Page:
View of the Royal Exchange and the Bank of England in London.
Vuk Valcic | SOPA pictures | LightRakete | Getty Images
LONDON – The Bank of England left its monetary policy unchanged on Thursday but warned of a more pronounced phase above inflation target in the near future.
Policy makers unanimously decided to keep the bank’s main lending rate at an all-time low of 0.1%, where it has been since March 2020, and voted 7 to 1 in favor of the quantitative easing program at £ 895 billion ($ 1.25 trillion ).
As expected by economists, the central bank also raised its inflation forecasts after exceeding forecasts for two consecutive months.
“Overall, the bank’s employees now expect inflation to rise significantly in the short term and temporarily reach 4% in the fourth quarter of 2021 and in the first quarter of 2022, 1½ percentage points higher than in the May projection,” the bank said in its monetary policy report.
The Bank’s Monetary Policy Report stated that the temporary spike in CPI (consumer price index) inflation is primarily due to rising energy and other goods prices, which are expected to be moderated over the medium term to bring inflation back towards its 2% target bring.
UK GDP is expected to have increased 5% in the second quarter of 2021, around 4% below pre-pandemic levels and slightly above projections by the BOE in its May report.
The pound sterling rose 0.3% to $ 1.3925 on the news.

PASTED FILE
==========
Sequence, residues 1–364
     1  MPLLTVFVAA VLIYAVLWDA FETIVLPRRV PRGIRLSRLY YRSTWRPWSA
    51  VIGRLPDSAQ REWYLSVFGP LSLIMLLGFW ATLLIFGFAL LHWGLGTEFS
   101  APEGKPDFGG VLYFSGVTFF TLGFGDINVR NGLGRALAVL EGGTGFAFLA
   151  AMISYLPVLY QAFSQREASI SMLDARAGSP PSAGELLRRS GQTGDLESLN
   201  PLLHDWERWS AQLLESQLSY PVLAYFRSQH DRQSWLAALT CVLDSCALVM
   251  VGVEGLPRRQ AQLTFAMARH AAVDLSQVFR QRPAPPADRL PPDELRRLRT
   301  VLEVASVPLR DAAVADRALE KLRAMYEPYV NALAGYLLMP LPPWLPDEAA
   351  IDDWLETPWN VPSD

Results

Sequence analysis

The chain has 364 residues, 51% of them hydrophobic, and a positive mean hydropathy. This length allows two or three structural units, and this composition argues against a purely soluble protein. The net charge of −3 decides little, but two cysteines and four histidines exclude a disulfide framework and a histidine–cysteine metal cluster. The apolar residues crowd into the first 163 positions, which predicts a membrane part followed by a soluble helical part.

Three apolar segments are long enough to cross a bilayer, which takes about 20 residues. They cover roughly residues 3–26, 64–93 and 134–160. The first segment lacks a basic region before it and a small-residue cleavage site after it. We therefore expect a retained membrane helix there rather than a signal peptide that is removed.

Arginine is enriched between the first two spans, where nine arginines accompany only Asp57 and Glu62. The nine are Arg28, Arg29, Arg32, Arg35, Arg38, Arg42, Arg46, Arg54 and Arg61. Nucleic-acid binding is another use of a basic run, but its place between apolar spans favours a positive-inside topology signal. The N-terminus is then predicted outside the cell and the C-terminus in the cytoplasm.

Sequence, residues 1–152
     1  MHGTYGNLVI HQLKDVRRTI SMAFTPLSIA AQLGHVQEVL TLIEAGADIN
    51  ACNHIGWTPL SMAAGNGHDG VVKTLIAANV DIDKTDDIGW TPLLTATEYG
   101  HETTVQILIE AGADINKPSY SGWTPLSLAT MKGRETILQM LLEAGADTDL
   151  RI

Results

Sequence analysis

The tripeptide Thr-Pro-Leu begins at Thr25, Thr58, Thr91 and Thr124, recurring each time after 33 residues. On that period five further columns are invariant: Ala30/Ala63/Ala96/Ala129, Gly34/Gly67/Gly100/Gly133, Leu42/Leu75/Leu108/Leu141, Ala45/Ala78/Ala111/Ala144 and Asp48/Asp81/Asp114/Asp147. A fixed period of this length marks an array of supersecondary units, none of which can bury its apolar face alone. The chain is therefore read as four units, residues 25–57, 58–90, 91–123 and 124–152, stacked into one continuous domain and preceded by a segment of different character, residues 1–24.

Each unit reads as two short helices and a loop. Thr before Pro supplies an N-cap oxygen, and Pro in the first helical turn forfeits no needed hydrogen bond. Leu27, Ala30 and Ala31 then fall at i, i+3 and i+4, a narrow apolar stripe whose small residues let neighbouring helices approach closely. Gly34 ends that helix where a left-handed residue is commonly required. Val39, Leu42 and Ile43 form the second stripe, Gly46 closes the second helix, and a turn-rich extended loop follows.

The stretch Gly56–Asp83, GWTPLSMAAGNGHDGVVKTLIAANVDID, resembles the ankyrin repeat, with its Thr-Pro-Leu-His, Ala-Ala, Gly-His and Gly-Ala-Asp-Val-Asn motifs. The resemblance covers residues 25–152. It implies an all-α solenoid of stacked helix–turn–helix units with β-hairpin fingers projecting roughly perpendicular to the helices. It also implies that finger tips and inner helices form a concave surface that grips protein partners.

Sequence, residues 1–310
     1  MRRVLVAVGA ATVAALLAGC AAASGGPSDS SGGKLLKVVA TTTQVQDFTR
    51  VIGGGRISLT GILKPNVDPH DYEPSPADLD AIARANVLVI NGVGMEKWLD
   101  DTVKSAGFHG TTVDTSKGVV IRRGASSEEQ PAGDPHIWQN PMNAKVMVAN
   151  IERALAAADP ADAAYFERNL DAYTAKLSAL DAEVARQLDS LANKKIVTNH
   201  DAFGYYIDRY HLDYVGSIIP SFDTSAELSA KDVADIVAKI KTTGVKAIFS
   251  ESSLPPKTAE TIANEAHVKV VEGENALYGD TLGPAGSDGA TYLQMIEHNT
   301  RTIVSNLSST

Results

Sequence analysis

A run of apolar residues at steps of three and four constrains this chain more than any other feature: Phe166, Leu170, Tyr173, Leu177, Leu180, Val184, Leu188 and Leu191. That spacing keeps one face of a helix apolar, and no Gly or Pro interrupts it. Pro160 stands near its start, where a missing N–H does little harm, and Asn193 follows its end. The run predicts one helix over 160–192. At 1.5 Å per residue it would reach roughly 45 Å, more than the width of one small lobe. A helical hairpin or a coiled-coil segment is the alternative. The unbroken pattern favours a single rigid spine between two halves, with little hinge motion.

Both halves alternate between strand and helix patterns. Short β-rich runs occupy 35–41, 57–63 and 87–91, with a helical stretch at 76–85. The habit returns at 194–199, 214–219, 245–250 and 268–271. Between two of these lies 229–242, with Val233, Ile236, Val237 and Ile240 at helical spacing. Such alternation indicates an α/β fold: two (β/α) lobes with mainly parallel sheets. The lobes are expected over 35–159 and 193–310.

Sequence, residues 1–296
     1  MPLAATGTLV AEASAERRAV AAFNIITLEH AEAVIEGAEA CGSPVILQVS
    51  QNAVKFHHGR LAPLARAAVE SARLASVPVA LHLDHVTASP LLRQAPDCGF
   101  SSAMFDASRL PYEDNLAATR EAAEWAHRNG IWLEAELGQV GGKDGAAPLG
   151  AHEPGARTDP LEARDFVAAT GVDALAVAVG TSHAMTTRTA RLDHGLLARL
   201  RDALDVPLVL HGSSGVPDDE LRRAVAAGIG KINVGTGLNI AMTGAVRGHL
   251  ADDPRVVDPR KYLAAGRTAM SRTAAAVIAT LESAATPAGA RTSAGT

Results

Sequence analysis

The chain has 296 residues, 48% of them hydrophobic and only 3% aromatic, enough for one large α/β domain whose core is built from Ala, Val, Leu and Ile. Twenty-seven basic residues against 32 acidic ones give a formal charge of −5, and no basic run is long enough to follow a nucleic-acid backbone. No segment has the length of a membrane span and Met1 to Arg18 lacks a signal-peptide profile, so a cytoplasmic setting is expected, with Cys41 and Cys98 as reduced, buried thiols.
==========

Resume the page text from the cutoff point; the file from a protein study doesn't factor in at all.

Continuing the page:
“Some modest tightening”
The BOE now expects UK GDP to grow 3% in the third quarter, weaker than forecast in the May report, as a recent spike in Covid-19 cases and hundreds of thousands of workers asked to self-isolate are likely to weigh in .
However, the economy is expected to reach pre-pandemic levels in the final three months of the year, when the effects of the pandemic wear off, before growth slows to more “normal” rates, partly due to the gradual tightening of fiscal policies.
Regarding inflation, the Monetary Policy Committee (MPC) said it would avoid “overburdening capacity pressures that are frictional and likely to be temporary.”
The MPC will look closely at the labor market data, and in particular the unemployment figures, which it sees as “further measures of deflection and underlying wage pressure”.
“The Committee believes that if the economy moves broadly in line with the key projections of the August Monetary Policy Review, a slight tightening of monetary policy over the forecast period is likely to be required to sustain the US inflation target achieve in the medium term, “says the bank’s summary.
Reversal of asset purchases
The MPC said it intended to reduce its inventory of purchased assets if bank interest rates rose to 0.5% in the appropriate economic circumstances by stopping reinvesting in maturing UK government bonds. This is a significantly lower threshold than the key interest rate of 1.5% planned in June 2018.
In its policy report, the MPC predicts that its prime rate would reach 0.5% in the third quarter of 2024, after reaching 0.2% in the third quarter of 2022 and 0.4% in the same period of 2023.
“This implies that the next cycle of monetary tightening will now be much more gradual – and at a lower endpoint – than in the past,” said Vivek Paul, UK chief investment strategist at BlackRock Investment Institute.
“We’re seeing this first rate hike in the first half of 2023 – a bit later than the markets expected – and the new QT (Quantitative Tightening) guidance suggests that asset redemption could begin from 2025.”
Hugh Gimber, global market strategist at JPMorgan Asset Management, said the bank appears to have chosen the latter option given the decision to tighten its expansionary monetary stance “too soon or too late”.